September 11, 2001 has become a watershed for many people in the United States. Even more so for those who live and work as religious leaders. Those of us who strive to educate and assist with the formation of future religious leaders must particularly wrestle with what it means to proclaim the gospel while “all the world” goes after other solutions. While the United States government and military have responded with armaments and invasion, it is clear to many people that military intervention will not provide long-term solutions. Indeed, one of the main issues facing our society is the question of what the problem is that we are seeking to solve with military intervention. This is a time in which the Christian communities and churches in the United States are being challenged to look at North American society and culture very closely through the lens of the Gospel and the prophetic tradition contained within the Bible.
Dr. Martin Luther King, Jr., spoke of the need to create the Beloved Community, where he and the most avowed segregationist could live together as loving neighbors in the same community. If the end goal was a loving world, then every means toward that end had to be guided by love. The events of September 11, 2001 and the various responses of our country and citizenry since that time indicate that work towards creating the Beloved Community is needed now more than ever.
This is the work of ConSpiritu. It is the work of creating a culture that seeks the welfare of all members of the global community – human and non-human as well. It requires a working methodology that is interdisciplinary and collaborative. It involves spiritual formation, worship, active and passive learning styles, the arts, discussion groups, intentional communities, social activism, intensive Bible study and more.
One of the immediate projects of ConSpiritu is to work within the various religious and spiritual communities to cultivate and nurture religious leadership and faith expressions that will give rise to a world community that can truly be called "beloved."
Intercultural religious education, and particularly the training of religious leaders must always keep its eye upon how we are immersing and forming persons within our own tradition all the while we are situated within a global milieu of religious difference. How can a deeper immersion into the lifestream and traditions of religious communities and practices cultivate lives of expanded compassion, mercy, justice and tolerance, if not even the capacity to defend and protect the religious practices of others? How might the full embrace of a particular religious and spiritual tradition also respect the religious traditions of others, all the while remaining faithful to the unique perspectives and commitments of one's faith community? These are questions raised by recent events – events that spring from long and deep histories. But events that are at the center of what it means to educate persons for religious leadership and the creation of just and sustainable cultures.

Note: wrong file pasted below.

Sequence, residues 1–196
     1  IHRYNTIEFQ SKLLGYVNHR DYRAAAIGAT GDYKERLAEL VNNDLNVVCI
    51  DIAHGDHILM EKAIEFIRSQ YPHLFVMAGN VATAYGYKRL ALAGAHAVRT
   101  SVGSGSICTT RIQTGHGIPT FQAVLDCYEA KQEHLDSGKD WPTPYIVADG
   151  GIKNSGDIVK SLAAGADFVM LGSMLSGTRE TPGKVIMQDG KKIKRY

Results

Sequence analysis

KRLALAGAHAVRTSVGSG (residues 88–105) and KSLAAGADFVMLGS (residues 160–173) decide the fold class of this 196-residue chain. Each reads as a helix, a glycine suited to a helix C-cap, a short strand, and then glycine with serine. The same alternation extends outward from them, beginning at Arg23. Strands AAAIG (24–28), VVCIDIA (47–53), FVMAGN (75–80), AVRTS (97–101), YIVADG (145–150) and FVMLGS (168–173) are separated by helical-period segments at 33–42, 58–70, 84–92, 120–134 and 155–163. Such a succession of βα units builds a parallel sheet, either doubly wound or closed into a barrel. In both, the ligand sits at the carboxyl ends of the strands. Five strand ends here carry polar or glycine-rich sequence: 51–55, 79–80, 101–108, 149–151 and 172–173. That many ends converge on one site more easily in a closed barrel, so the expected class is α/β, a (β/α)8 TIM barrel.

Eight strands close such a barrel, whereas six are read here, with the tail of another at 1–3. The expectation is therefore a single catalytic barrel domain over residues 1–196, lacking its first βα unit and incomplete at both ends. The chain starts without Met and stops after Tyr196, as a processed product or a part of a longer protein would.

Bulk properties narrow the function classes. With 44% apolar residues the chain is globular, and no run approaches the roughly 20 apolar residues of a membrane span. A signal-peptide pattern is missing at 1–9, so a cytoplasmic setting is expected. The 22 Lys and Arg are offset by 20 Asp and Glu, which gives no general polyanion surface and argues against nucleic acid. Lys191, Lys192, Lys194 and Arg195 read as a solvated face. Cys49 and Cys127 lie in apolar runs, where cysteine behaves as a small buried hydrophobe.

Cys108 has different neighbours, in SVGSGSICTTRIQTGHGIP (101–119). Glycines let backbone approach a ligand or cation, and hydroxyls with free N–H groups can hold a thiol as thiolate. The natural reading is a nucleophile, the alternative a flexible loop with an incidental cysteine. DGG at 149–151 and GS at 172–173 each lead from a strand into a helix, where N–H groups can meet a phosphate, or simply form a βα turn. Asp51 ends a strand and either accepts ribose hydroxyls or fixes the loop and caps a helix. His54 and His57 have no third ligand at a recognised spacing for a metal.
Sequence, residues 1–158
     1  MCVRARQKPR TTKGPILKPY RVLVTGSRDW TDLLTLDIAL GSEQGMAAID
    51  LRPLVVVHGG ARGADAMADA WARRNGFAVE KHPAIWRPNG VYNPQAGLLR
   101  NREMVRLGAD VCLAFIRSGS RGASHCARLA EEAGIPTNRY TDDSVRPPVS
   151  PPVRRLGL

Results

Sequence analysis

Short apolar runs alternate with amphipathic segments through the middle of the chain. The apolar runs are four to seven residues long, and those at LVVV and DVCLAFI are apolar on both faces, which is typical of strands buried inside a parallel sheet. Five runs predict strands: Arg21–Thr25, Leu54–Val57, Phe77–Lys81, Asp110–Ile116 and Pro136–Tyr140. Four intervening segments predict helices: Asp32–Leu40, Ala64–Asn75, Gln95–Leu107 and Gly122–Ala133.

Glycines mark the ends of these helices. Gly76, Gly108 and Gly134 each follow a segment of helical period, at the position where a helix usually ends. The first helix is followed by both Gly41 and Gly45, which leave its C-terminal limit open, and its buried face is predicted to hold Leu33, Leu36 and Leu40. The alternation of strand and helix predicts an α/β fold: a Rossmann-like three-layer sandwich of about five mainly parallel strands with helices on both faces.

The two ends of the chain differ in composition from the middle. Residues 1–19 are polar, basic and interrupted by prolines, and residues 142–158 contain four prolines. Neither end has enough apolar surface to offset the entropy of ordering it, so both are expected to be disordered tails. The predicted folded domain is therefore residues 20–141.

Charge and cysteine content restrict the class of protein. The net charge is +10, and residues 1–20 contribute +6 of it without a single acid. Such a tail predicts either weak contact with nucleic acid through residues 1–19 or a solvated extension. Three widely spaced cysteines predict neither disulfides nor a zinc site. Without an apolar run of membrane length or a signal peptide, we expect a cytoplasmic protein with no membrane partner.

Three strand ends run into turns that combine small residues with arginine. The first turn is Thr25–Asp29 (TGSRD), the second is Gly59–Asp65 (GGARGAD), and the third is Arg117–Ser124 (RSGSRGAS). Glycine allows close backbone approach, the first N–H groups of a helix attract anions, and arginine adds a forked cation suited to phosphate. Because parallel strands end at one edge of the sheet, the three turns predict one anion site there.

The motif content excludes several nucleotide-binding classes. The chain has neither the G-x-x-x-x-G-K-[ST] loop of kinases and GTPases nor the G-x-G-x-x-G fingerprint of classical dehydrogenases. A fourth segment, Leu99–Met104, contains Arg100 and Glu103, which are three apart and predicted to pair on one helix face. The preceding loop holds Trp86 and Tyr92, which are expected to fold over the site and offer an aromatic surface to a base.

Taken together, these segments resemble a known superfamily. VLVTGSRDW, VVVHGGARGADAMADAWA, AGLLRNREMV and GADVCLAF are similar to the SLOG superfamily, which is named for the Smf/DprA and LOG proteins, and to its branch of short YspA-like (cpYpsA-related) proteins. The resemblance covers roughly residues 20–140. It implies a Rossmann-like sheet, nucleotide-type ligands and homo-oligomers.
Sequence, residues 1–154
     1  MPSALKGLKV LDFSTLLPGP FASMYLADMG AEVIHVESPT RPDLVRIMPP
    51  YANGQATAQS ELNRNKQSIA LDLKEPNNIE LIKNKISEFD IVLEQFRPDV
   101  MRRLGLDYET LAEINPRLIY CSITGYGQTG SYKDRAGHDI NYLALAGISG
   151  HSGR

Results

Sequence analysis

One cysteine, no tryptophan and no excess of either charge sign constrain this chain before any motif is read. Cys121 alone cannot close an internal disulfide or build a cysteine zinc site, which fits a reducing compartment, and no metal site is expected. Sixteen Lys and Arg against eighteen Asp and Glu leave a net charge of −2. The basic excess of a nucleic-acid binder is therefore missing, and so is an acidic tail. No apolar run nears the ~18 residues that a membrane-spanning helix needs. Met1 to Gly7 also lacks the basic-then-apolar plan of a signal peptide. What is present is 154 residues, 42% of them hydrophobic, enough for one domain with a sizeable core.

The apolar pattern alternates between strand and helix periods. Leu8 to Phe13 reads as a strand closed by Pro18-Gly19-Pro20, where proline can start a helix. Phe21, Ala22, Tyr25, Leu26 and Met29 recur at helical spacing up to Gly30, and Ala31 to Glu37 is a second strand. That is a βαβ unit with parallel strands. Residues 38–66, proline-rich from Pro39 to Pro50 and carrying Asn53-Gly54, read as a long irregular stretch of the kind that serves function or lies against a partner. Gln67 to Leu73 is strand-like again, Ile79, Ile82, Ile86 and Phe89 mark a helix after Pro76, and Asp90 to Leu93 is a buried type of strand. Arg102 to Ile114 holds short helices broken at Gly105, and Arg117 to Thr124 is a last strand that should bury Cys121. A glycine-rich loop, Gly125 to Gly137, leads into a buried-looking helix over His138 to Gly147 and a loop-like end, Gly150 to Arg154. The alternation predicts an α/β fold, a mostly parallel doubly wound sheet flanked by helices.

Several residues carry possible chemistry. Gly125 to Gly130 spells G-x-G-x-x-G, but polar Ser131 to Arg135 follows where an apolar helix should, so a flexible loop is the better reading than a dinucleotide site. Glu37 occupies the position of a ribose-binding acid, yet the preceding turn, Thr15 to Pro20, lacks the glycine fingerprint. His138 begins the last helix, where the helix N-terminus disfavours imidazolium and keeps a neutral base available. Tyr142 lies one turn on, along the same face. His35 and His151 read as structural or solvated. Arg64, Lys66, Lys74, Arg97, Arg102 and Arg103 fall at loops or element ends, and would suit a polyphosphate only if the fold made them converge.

This is a time of tremendous challenge for every community of faith, and this struggle is being played out in our churches, temples, synagogues, mosques, religious centers, and society at large. The question facing society is: “What sort of world are our religious imaginations creating?” As disparities between rich and poor increase, what sort of just and equitable culture will we bring into being? As global climate changes, as hundreds of species become extinct each year, as the genetic codes of organisms from bacteria to corn to human beings are altered, as fragile habitats and ecosystems are subjected to commercial exploitation and extraction, what sort of sustainable and ecologically-aware culture will we midwife into life? As multinational corporations seize the reigns of power and control worldwide, what vital villages will we build in order to raise our children? What world (or worlds) will our religious imaginations birth into being?
More than simply a “worldview,” which refers primarily to a conceptual universe, a “world” encompasses aesthetic, social, and conceptual realms that are physical and embodied. A world is the place we make for ourselves existentially, socially and ecologically. A world is the culture we create, as well as that system we might fight against, to borrow some insights from Walter Wink. The work of spiritual discernment is to distinguish between the moments of construction and the moments of resistance to these worlds. This is a time of not only great challenge but also great possibility for concerned and creative individuals to engage the world in transformative ways. The task of educating and raising up humane and deeply transformed religious leaders and practitioners is of central importance to the welfare of the human community.
What the ConSpiritu logo represents: The four interlocked circles symbolize the four intersecting concerns of ConSpiritu – * Earth * Spirit * Arts * Justice Woven together, the circles symbolize the breathing together and collaboration of those who come together on behalf of the transformation of the world.